Niko Skorpio’s new album is called Psilocybe Necrophila, referring to a psychoactive mushroom that grows on decomposing flesh. Although recorded mostly in 2007, parallel to last year’s acclaimed Half Born in Half Light, it is quite a different trip. The basis of this work was Niko Skorpio’s old cassette tape collection from the 1980’s. Containing mostly heavy metal demos and live bootlegs, the dozens of kilometres of obsolete tape were sacrificed on the altar of creation.
Does consciousness survive decomposition?
Magnetic tape — as a symbol of DNA — was deconstructed, cut, mangled, eaten and torn apart by a number of malfunctioning cassette players. These emerging mutations were captured, processed and reconstructed, over and over until a new form began to take shape. Carefully chosen and prepared additional ingredients were then introduced to this primal tissue in order to impregnate it with a new kind of energy. Metaphorically speaking, soul was injected into the golem.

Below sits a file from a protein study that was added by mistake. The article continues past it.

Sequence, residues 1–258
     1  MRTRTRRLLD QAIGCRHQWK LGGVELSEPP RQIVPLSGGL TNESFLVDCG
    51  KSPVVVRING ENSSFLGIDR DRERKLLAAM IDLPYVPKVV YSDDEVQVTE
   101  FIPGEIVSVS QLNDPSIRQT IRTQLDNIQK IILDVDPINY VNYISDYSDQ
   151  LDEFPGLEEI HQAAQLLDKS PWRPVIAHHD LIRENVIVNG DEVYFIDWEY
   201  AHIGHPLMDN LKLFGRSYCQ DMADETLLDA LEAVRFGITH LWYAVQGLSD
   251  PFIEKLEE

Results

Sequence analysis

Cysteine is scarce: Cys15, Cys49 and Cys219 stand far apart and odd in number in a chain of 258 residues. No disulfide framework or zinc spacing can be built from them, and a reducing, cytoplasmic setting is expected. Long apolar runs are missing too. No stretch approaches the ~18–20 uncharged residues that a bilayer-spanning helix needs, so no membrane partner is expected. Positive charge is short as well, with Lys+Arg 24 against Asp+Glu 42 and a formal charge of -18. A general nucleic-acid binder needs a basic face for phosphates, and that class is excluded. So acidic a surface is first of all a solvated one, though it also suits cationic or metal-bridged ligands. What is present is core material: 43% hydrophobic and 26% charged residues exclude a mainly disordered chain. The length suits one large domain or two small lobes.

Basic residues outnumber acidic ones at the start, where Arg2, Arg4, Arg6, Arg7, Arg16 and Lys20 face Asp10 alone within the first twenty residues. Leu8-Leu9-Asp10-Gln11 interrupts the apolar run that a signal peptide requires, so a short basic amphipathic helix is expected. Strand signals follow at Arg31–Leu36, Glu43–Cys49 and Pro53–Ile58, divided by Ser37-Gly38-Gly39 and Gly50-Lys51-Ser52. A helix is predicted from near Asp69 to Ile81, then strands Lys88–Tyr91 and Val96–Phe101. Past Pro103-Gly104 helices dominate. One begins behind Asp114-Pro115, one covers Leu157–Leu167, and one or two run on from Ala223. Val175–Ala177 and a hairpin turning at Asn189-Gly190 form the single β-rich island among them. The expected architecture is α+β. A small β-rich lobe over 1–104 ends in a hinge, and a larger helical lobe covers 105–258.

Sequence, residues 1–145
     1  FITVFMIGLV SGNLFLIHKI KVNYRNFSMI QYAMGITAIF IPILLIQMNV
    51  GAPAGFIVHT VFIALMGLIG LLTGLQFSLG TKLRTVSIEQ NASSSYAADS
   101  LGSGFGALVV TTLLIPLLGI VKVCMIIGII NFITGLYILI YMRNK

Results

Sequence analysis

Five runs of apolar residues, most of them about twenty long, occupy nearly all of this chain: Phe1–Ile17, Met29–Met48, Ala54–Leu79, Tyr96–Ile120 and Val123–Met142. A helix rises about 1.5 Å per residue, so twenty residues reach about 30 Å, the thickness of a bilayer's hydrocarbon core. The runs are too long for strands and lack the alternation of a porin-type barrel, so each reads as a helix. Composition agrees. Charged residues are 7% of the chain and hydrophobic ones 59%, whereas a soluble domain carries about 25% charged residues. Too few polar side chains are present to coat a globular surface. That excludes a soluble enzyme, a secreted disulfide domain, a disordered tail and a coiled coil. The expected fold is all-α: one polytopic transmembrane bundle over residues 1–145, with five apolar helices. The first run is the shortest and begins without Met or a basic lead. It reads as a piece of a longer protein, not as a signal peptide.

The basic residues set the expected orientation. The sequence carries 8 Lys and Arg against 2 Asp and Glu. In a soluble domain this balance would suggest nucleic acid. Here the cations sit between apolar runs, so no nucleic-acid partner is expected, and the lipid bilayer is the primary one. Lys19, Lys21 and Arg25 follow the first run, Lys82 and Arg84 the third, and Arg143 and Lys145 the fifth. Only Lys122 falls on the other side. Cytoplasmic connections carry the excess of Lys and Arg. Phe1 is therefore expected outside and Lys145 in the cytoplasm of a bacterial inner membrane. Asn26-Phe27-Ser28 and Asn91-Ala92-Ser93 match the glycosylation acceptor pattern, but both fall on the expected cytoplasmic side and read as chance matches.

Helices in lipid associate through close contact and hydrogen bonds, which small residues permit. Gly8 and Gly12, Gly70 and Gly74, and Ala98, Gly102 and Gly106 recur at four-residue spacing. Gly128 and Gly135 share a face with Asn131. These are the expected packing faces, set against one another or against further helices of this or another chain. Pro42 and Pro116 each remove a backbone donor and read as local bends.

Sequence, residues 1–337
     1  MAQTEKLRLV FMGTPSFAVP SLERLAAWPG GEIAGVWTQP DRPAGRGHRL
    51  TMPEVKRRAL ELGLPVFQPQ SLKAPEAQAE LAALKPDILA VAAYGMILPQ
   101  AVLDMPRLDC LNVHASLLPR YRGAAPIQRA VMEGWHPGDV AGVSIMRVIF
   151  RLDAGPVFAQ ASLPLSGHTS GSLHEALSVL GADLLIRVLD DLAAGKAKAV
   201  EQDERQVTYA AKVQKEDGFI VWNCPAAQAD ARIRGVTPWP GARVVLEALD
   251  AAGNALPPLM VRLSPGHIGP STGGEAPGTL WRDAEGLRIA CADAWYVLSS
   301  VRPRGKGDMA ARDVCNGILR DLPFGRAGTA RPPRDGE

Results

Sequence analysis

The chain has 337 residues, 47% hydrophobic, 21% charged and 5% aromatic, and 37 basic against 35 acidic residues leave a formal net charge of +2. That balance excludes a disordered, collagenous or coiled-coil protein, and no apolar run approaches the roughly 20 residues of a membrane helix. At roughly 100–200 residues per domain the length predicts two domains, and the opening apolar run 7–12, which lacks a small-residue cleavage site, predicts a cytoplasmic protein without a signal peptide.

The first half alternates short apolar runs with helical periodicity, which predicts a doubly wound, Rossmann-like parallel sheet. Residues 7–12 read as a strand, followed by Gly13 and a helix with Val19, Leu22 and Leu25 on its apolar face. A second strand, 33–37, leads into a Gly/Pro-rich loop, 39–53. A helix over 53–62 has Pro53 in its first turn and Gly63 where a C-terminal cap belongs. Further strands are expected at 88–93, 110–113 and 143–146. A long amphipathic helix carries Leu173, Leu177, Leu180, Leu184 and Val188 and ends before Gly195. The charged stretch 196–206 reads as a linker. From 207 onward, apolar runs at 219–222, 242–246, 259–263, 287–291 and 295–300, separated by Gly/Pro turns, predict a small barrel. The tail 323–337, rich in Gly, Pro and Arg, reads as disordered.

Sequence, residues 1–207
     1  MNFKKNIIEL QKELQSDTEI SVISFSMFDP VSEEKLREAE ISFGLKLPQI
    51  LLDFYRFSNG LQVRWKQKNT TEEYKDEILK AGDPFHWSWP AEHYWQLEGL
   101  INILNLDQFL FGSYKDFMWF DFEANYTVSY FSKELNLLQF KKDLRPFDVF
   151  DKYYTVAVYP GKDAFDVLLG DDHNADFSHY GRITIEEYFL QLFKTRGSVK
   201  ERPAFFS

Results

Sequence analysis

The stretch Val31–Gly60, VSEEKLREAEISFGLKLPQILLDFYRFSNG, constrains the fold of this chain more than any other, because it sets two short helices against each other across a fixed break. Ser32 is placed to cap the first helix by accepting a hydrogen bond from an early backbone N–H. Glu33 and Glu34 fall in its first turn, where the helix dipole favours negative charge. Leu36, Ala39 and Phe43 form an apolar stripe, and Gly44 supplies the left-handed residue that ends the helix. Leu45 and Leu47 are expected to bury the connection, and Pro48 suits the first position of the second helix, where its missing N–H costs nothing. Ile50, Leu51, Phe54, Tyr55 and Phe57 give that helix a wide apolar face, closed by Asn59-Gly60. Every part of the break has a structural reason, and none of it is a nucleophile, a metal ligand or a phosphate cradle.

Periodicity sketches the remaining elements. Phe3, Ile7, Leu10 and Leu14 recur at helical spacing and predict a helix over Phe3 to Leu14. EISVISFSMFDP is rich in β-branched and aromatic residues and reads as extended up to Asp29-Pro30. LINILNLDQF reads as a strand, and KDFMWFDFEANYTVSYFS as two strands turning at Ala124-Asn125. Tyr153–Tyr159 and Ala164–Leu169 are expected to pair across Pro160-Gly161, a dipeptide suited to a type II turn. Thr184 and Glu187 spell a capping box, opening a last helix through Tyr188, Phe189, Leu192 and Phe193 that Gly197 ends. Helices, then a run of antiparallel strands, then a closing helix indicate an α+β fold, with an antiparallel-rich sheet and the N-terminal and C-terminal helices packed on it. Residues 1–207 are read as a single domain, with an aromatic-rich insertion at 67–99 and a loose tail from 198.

As is common with Niko Skorpio’s works, the album works thematically on many levels. On the immediate surface it reflects a surreal journey to the deepest chasms of inner space, where — quite unexpectedly — one may find herself in wholly unfamiliar surroundings. And what’s more, one may not find herself alone anymore, but instead, communicating with something unknown. And it always gets the darkest just before dawn. But whatever happens, eventually the dawn comes. In the end we return to where it all began, but affected, observing that things will never be the same again.
Some call Psilocybe Necrophila a “death album”. Skorpio agrees and adds: “It can be perceived as symbolising the process of death and reincarnation. Besides, it is likely to remain the last ‘conventional’ album from me in the foreseeable future, so calling it a ‘death album’ has certain appeal.”